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Brushes and Brushgear


Brushes are an essential part of any rotating electrical machine that has either a commutator or slip rings. ('Commutator' is used hereafter to mean both commutator or slip rings unless slip rings need to be referred to specifically.) The brushes conduct the electricity to and from the rotating element as they slide over the commutator. Brush material is a careful compromise between conductivity and minimum wear of both brushes and commutator.

Reducing uneven wear on the commutator

To prevent brushes from wearing grooves in the commutator, they should be staggered so that their tracks overlap. If there are more than two brush spindles, then alternate pairs of spindles and not alternate spindles should be staggered. Each positive brush then runs on the same track as a negative brush and uneven wear due to polarity effects is eliminated.

Classes of Brushes

The following classifications are those from The Morganite Crucible Company.


with a number inside the symbol

Morganite brushes differ in one essential respect from all other graphitic brushes in that the specially selected plumbago from which they are made is not taken up to a high temperature during the course of manufacture and so the lubricating properties remain unimpaired. They are also distinguished by their very high electrical and thermal conductivity. Because of their superior lubricating properties, they are used largely on high-speed machines and are well known for their silent and sparkless operation.
Hard Morganite

with a number following the symbol

Hard Morganite brushes also possess high electrical and thermal conductivity. The term Hard Morganite is used to denote a class of brushes composed of pure graphite specially selected for its capacity to withstand a high temperature during manufacture without losing its lubricating qualities. The brushes are not hard in the ordinary sense, but on the contrary, are soft and resilient compared with ordinary carbon brushes. HM brushes are made in various degrees of density because in some applications it is useful to have low density brushes so that they have less inertia and therefore maintain a more intimate contact with the commutator.

with a number following the symbol

Brushes that are made from natural graphite and having the characteristics of Morganite and Hard Morganite are somewhat fragile. For traction and similar work, it is often essential to use a brush possessing properties similar to Morganite and Hard Morganite and yet capable of withstanding very severe mechanical conditions. Such a brush must be capable of carrying very heavy overloads, of running cool at high speeds and of successfully resisting mechanical shocks. This demand brought into being the EG series. EG brushes have no natural graphite in their composition, but are still made from various forms of carbon. The final process in manufacture is the conversion of the carbon and its binding material into artificial graphite by baking at a high temperature in an electric furnace. This treatment produces striking changes in the characteristics of the material, increasing its electrical and thermal conductivity, rendering it highly refractory, softer than before graphitization yet at the same time very tough. This material is also very suitable for switch contacts which are subjected to sparking and mechanical shocks.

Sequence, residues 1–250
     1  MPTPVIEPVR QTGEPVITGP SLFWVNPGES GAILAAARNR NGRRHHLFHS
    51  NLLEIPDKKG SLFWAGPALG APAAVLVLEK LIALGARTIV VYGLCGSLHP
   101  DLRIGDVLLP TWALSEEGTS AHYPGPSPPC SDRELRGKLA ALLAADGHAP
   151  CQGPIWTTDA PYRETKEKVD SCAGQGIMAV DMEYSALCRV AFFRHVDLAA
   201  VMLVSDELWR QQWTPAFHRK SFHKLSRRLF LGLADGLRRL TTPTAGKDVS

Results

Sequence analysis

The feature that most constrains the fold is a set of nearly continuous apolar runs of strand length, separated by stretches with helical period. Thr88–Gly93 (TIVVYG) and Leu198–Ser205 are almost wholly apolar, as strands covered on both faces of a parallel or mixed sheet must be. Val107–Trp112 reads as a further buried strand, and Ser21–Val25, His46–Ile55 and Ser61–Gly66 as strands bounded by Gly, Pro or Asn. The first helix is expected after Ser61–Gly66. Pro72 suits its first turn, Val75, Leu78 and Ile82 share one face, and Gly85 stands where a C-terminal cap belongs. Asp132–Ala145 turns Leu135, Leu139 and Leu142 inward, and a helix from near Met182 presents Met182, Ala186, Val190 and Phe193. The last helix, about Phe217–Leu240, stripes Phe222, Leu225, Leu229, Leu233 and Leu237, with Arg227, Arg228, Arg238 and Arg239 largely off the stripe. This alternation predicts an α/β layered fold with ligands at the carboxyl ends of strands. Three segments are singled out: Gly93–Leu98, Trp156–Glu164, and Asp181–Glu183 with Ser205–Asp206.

Copper Morganite

with a number following the symbol; the higher the number, the higher the graphite content

Prior to the introduction of carbon and graphite brushes, copper gauze was almost universally employed for making dynamo brushes. Such brushes were, however, apt to devour the commutator or rings on which they ran with remarkable rapidity, but at least they possessed the virtue of very low contact resistance. This is a feature of great importance when heavy currents have to be dealt with and commuting difficulties are trivial or non-existent. CM brushes contain admixtures of copper and other materials in a very fine state of division. The brushes at the highly metallic end of this series approximate to copper gauze brushes but do not have the same destructive tendencies.
Battersea Carbon

with a letter inside and a number following the symbol

Battersea Carbon brushes are made from various forms of carbon, with or without a certain amount of graphite. This class satisfies a large range of applications where operating conditions are not particularly exacting. Group A contains a moderate amount of graphite, group B a larger proportion and group C, no graphite at all. These brushes all have a higher contact drop that the more graphitic classes.